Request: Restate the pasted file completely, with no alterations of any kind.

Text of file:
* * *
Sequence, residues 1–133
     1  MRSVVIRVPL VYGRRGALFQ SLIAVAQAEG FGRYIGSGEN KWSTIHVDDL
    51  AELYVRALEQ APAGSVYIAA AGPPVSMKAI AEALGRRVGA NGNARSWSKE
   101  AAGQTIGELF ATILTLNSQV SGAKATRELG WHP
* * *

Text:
Sequence, residues 1–133
     1  MRSVVIRVPL VYGRRGALFQ SLIAVAQAEG FGRYIGSGEN KWSTIHVDDL
    51  AELYVRALEQ APAGSVYIAA AGPPVSMKAI AEALGRRVGA NGNARSWSKE
   101  AAGQTIGELF ATILTLNSQV SGAKATRELG WHP